It was the first time Persephone saw movement from the Impious, the first time she sensed fear.

“I knew I trained you well,” said Hecate with a smug smile that Persephone returned.

She placed a hand on Cerberus’s side. As she did, there was the distinct sound of a bowstring loosening. She caught sight of an arrow whizzing toward Cerberus, but it was cut down by Artemis, whose own white arrow shattered it into pieces. Briefly, Persephone met the goddess’s gaze, offering a nod of thanks before she stepped beyond their lines.

“How dare you try to hurt my dog,” she said as power gathered in her hands. The ground trembled beneath her and opened, splitting the ranks of the Impious. Some were swallowed by the earth while others managed to race away. As they broke formation, the mortals began to yell and raced toward them, weapons in hand, and a volley of arrows came down on them.

Persephone summoned her magic, and vines grew up the sides of the walls, knocking rows of soldiers from their places.

The demigods vanished, and Persephone barked an order.

“Cerberus, snack!”

Her three-headed monster gave a low growl, his massive paws clawing at the earth, sending it flying in all directionsas he charged at the enemy army.

Then the demigods were before them, and all around, the sound of weapons clashing was thunderous. It shook Persephone to her core, but soon her attention was directed to the demigod before her—a woman she did not recognize, but her eyes were Poseidon’s.

She cut her blade toward Persephone with an angry cry, but Persephone blocked the blow with a thicket of thorns and then blasted her with shadow magic. She staggered back and blasted her again.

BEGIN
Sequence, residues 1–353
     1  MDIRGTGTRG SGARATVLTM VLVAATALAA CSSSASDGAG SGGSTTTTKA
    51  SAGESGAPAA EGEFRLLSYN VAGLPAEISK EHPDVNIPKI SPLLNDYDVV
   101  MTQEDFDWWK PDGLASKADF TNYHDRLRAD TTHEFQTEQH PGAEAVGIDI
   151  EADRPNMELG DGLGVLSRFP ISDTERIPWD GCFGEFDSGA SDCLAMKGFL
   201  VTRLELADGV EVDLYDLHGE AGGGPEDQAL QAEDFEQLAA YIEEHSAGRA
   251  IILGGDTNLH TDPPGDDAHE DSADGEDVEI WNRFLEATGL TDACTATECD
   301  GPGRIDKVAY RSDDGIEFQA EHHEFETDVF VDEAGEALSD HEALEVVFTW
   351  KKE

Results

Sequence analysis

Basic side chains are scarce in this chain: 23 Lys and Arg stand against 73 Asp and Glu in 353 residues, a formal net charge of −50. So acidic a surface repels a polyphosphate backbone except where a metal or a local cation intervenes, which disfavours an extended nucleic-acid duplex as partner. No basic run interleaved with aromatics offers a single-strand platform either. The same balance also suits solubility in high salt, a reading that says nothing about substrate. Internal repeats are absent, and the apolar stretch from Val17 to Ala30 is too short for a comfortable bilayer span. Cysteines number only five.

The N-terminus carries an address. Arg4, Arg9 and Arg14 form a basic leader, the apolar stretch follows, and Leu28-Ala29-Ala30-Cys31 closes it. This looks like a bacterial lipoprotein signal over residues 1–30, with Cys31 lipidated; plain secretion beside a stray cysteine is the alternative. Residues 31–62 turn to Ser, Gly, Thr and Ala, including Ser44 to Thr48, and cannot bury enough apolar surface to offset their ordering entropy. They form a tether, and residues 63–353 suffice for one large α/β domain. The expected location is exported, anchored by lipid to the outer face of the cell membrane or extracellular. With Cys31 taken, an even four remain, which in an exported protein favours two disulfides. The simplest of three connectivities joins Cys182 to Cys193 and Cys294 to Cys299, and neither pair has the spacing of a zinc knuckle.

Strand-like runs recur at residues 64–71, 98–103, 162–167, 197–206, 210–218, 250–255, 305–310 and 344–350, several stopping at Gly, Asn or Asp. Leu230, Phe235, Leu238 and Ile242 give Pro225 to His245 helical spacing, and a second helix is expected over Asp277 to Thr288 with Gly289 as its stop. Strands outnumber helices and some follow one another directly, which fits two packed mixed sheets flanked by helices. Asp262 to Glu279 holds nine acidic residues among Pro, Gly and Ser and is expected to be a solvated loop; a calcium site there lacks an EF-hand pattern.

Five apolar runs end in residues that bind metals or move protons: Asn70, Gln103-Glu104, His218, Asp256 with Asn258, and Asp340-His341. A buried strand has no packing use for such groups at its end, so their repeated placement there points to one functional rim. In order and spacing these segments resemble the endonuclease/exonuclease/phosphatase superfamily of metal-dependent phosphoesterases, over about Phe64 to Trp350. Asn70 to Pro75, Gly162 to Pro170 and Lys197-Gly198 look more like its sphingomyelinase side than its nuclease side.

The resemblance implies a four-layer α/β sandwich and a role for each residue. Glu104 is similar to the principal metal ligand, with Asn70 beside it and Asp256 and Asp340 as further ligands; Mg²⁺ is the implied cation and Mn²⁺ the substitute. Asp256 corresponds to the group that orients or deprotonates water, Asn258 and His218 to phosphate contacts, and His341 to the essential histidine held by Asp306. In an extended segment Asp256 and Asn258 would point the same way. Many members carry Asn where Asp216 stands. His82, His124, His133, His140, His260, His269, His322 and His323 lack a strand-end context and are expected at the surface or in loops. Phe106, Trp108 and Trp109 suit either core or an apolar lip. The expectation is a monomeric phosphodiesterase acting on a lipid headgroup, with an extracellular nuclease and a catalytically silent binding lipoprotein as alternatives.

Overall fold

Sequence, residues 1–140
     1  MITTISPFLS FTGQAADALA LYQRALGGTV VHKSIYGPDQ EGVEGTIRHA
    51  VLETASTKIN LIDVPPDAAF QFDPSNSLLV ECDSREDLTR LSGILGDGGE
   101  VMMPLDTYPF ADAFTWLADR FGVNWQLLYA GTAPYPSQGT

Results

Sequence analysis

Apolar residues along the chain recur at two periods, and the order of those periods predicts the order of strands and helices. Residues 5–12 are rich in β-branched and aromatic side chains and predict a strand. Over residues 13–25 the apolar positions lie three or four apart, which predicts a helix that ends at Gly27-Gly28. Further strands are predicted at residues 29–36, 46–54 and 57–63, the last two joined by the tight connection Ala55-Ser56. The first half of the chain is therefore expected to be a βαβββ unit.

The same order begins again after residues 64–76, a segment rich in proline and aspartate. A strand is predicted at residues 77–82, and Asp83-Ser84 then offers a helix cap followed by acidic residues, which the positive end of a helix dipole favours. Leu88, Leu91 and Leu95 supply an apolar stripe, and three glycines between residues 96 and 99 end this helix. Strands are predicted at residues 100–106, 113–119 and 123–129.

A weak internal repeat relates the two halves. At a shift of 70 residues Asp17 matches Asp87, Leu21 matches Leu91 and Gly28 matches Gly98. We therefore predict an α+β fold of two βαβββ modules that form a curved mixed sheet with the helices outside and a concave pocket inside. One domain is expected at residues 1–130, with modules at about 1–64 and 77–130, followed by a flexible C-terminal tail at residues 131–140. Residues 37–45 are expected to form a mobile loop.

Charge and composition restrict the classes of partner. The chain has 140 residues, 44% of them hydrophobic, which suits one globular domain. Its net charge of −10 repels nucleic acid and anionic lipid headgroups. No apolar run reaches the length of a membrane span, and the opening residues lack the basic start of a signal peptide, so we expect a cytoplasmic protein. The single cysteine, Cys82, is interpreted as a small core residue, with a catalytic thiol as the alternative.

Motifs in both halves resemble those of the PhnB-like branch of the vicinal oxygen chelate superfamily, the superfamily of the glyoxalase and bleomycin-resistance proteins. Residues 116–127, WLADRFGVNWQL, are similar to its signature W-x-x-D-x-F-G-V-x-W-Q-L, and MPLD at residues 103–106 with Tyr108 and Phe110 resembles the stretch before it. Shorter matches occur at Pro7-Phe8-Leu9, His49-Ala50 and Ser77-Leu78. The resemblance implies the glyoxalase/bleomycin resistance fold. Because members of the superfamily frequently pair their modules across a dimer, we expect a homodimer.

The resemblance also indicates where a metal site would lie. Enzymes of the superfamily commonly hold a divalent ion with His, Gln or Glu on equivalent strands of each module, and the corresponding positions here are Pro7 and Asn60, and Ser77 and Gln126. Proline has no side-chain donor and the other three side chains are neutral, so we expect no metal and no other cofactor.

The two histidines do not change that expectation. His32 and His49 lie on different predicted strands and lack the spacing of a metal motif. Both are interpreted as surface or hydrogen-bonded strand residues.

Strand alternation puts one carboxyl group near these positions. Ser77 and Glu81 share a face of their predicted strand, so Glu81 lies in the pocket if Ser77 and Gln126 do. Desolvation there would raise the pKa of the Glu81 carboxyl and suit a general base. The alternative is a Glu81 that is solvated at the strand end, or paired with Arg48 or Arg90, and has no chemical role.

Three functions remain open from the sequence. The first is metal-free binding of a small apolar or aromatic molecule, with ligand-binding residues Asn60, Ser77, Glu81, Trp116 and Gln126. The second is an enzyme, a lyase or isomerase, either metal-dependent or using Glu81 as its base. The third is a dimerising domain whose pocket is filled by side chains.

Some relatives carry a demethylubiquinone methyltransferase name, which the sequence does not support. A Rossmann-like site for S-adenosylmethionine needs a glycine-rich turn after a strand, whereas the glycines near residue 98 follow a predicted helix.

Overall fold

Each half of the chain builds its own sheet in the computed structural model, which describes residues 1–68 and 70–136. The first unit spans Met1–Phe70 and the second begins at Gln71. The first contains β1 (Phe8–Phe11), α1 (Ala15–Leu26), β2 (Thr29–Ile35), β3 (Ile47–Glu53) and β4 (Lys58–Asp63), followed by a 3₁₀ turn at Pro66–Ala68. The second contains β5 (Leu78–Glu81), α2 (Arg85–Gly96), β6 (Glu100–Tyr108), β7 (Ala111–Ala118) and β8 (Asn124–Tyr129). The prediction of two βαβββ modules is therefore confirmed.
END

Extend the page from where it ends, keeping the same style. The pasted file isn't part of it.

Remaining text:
Then Persephone felt a shock of pain at her back, and she arched against it, gasping. When it released her, she whirled to find no one.

She waited, her magic creating a barrier, knowing another attack would come. Within moments, she felt the disturbance and whirled, a series of black spikes bursting from her palm. They hit her target, who, as she had suspected, was invisible and wearing Hades’s helm.

She called to her magic and turned the earth beneath his feet into mud. As he went to attack, he slipped and fell, and before he could react again, Hermes appeared and drove the sharp end of his caduceus into his back. Persephone pulled the helm from the demigod’s head.

It was Damian, the son of Thetis, and he was dead.

“One down,” said Hermes.

Persephone handed him the helm.

“Get this to Dionysus,” said Persephone.

“You got it, Your Majesty,” he said, scooping up the helm and vanishing in a blur of golden light.